The tyranny of the meanest and the most brainless

Sunday, September 24th, 2017

Jordan Peterson mentions how Nietzsche predicted the 20th Century (in The Will to Power):

Socialism — or the tyranny of the meanest and the most brainless, — that is to say, the superficial, the envious, and the mummers, brought to its zenith, — is, as a matter of fact, the logical conclusion of “modern ideas” and their latent anarchy: but in the genial atmosphere of democratic well-being the capacity for forming resolutions or even for coming to an end at all, is paralysed. Men follow — but no longer their reason. That is why socialism is on the whole a hopelessly bitter affair: and there is nothing more amusing than to observe the discord between the poisonous and desperate faces of present-day socialists — and what wretched and nonsensical feelings does not their style reveal to us! — and the childish lamblike happiness of their hopes and desires. Nevertheless, in many places in Europe, there may be violent hand-to-hand struggles and irruptions on their account: the coming century is likely to be convulsed in more than one spot, and the Paris Commune, which finds defenders and advocates even in Germany, will seem to have but a slight indigestion compared with what is to come. Be this as it may, there will always be too many people of property for socialism ever to signify anything more than an attack of illness: and these people of property are like one man with one faith, “one must possess something in order to be some one.” This, however, is the oldest and most wholesome of all instincts; I should add: “one must desire more than one has in order to become more.” For this is the teaching which life itself preaches to all living things: the morality of Development. To have and to wish to have more, in a word, Growth — that is life itself. In the teaching of socialism “a will to the denial of life” is but poorly concealed: botched men and races they must be who have devised a teaching of this sort. In fact, I even wish a few experiments might be made to show that in socialistic society life denies itself, and itself cuts away its own roots. The earth is big enough and man is still unexhausted enough for a practical lesson of this sort and demonstratio ad absurdum — even if it were accomplished only by a vast expenditure of lives — to seem worth while to me. Still, Socialism, like a restless mole beneath the foundations of a society wallowing in stupidity, will be able to achieve something useful and salutary: it delays “Peace on Earth” and the whole process of character-softening of the democratic herding animal; it forces the European to have an extra supply of intellect, — it also saves Europe awhile from the marasmus femininus which is threatening it.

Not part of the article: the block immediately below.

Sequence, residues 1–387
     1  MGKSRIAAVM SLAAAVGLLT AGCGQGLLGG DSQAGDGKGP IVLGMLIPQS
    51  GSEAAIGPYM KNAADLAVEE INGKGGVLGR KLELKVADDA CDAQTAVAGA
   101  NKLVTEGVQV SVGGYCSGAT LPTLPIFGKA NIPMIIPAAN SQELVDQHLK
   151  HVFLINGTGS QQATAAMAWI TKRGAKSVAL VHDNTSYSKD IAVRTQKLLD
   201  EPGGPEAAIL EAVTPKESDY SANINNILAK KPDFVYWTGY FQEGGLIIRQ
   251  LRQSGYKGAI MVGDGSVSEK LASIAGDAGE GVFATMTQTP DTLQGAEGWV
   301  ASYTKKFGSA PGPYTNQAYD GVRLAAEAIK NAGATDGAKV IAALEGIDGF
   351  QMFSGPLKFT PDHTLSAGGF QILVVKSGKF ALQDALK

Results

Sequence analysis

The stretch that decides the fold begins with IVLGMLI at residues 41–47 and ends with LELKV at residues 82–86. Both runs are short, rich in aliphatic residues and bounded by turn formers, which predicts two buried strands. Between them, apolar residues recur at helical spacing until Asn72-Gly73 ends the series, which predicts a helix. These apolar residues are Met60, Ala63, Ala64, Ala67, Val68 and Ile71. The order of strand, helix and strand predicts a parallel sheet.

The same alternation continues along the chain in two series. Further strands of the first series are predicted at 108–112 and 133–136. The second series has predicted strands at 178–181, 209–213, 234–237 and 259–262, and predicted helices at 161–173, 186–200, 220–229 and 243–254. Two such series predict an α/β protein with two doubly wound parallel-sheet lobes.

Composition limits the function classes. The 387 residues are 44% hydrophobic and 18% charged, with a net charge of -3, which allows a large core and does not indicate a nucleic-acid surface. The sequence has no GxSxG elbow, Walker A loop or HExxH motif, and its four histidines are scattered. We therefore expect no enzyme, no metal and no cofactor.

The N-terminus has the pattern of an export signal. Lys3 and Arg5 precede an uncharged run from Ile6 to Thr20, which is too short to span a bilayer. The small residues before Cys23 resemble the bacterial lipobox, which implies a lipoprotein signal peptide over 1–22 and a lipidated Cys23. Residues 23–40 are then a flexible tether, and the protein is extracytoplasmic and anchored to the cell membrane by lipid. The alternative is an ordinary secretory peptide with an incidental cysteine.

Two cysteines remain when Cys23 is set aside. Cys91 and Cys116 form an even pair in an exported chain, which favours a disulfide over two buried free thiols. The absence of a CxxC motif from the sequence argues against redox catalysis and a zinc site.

Leave a Reply